There are different species of birds that visit the abattoir, but the most dominant species is the white colored cattle egrets. They are a regular visitor to abattoirs in this region. They scavenge for all kind of food items around the abattoir ranging from insects (e.g., flies), pieces of meat and plant parts. Their white feathers sometimes turn grey or black because of their contact with black soot from the grounds of the abattoir. The cattle egrets also visit nearby rivers where they feed on fingerlings and other aquatic organisms [10]. During their visit to the river, they pass out waste product at their brooding sites which is consumed by fishes and other aquatic organisms. This causes a trend of transfer and circulation of harmful substances from their waste products to other parts of the environment.

The dominant weed species found in most abattoirs are the carpet grasses (Axonopus compressus). They grow near the rivers and parts of the abattoir floor where they accumulate metals from the decomposed waste and soot from the burnt animals. They also harbor rodents and insects that serve as disease vectors that migrate into the abattoir animals [11]. Because of the migration of harmful heavy metals from abattoir to food consumed by humans [12]. It is thus necessary to compare the heavy metal concentration of abattoir-related products or samples. The objectives of this study, therefore are: (1) to determine the heavy metal concentrations in different abattoir-related products, (2) to compare the heavy metal concentration of abattoir-related products in different locations and (3) to compare the heavy metal concentration across taxa and cattle egret products.

Materials and Methods

The study areas are three communities situated in Rivers State in the Niger Delta area of Nigeria (Figures 1 and 2). They are Ogbogoro community (N4’47.669o, E006’59.246o), which is sited near a small waterway that passes through a bridge close to a major market in the community. The second site is Rumuosi community, that borders the East-West Road (N4’52.812o, E656.663o), a trunk A road. This abattoir is sited near an abandoned burrow pit, which harbors accumulated rainwater and a refuse dump. The third site is the Choba community (N4’52.810o, E6’56.663o), and is close to the University of Port Harcourt. This site is also close to the Choba Creek where water flows into major rivers in the region e.g., Sombreiro River. These three study areas are in a region that has humid climate with rainfall occurring almost all throughout the year. There are two major seasons, wet (February-September) and dry (October-January) seasons [13]. It has a tropical monsoon climate, and rainfall occurs all through the year with a mean annual rainfall of 3567.4 mm year-1 [14]. The mean monthly temperature ranges between 26 and 30°C.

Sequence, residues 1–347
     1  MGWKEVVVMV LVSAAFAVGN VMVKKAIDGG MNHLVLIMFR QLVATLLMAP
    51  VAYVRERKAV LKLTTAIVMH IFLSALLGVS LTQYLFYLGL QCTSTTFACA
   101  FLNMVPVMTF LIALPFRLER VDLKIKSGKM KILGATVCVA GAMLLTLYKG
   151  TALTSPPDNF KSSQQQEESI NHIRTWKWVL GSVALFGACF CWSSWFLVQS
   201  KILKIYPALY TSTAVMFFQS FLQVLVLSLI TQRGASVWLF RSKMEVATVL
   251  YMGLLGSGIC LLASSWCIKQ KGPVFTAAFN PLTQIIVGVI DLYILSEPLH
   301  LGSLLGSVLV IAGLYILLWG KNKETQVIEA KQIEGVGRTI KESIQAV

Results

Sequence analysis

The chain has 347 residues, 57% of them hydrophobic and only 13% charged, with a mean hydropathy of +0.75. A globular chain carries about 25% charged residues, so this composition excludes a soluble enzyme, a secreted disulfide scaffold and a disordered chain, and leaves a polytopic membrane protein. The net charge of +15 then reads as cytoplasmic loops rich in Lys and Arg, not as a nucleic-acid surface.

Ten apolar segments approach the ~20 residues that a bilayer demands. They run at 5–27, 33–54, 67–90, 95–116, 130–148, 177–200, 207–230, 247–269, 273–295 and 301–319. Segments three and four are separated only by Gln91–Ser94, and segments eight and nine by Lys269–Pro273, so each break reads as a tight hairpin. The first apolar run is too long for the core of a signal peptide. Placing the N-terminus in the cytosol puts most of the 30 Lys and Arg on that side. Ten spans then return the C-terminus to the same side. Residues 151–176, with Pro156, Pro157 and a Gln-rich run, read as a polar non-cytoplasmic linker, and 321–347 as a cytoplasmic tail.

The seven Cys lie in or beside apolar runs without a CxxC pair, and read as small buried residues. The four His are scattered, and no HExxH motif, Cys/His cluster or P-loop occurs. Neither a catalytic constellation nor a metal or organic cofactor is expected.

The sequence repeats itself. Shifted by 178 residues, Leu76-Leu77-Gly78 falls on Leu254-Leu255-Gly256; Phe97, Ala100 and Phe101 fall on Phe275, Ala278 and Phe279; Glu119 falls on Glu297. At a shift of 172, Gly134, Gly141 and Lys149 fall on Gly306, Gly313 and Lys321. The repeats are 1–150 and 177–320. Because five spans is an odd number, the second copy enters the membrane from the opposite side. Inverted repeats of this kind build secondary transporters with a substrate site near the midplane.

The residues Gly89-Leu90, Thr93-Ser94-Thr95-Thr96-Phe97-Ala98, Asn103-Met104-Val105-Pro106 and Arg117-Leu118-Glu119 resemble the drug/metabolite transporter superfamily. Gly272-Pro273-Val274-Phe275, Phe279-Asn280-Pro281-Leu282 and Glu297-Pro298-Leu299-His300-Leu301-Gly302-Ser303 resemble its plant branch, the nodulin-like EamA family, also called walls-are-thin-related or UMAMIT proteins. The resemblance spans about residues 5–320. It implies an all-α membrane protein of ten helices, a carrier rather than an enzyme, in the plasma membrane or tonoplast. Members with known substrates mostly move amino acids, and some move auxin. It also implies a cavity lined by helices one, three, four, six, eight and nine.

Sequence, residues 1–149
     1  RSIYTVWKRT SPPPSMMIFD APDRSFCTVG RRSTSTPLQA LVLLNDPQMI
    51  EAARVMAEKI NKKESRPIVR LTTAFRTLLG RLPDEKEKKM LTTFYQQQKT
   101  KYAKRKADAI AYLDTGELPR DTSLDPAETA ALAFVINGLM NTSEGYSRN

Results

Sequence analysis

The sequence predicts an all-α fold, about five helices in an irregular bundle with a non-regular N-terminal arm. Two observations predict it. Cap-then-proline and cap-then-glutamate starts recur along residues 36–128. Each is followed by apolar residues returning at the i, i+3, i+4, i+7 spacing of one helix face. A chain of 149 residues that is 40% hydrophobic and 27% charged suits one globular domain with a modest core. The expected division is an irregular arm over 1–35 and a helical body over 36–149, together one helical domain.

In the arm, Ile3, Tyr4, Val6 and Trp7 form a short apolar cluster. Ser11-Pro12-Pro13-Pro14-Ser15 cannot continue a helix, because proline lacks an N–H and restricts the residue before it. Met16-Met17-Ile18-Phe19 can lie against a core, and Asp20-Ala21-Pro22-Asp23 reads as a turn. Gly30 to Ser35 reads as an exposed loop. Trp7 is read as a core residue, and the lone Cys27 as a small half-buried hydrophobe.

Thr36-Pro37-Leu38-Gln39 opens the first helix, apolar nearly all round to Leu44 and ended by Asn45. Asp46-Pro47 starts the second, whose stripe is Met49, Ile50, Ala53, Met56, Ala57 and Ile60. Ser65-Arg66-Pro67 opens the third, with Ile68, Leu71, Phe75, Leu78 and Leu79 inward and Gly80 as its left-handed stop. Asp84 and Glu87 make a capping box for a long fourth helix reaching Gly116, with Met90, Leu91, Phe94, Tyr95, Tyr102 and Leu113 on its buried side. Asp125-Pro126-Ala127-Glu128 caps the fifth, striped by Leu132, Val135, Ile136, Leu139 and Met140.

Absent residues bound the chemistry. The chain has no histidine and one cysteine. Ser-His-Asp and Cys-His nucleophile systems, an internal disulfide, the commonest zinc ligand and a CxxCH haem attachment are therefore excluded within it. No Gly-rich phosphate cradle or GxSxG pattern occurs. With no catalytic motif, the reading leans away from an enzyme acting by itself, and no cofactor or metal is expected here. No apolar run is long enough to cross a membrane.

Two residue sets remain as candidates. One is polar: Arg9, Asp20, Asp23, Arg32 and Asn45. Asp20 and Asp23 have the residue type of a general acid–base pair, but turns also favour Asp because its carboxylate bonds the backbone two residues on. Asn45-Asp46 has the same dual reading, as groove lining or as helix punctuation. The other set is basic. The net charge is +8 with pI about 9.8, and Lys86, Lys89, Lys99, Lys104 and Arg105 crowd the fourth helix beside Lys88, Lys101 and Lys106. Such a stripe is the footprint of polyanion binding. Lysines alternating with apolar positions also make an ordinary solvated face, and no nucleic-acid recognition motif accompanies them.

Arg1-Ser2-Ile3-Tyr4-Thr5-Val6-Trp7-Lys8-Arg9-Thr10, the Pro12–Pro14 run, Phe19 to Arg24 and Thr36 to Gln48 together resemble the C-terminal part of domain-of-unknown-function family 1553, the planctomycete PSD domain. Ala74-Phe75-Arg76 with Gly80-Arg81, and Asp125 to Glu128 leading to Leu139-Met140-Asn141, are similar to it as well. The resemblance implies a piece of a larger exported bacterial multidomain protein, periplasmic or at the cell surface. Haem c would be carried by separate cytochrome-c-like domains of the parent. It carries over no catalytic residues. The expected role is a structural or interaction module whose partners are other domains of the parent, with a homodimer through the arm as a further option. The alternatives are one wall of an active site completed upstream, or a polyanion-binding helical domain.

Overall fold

Sample collection

In each site three points were identified where the different samples were collected. Soil samples were collected with a hand-held soil augur at three points after which they were placed in black cellophane bags. The bird droppings were scooped from the soil and placed in a waterproof bag. Bird feathers were picked from the roosting area of the birds at the abattoir and placed in a waterproof bag and tagged. The grass sample (Axonopus compressus) was collected from the abattoir floor close to the area where the animals are slaughtered. Three samples were collected for each abattoir-related products making a total of twelve samples per site. For the three locations 36 samples were collected and sent to the laboratory for further analysis following the example of [15].

Research Design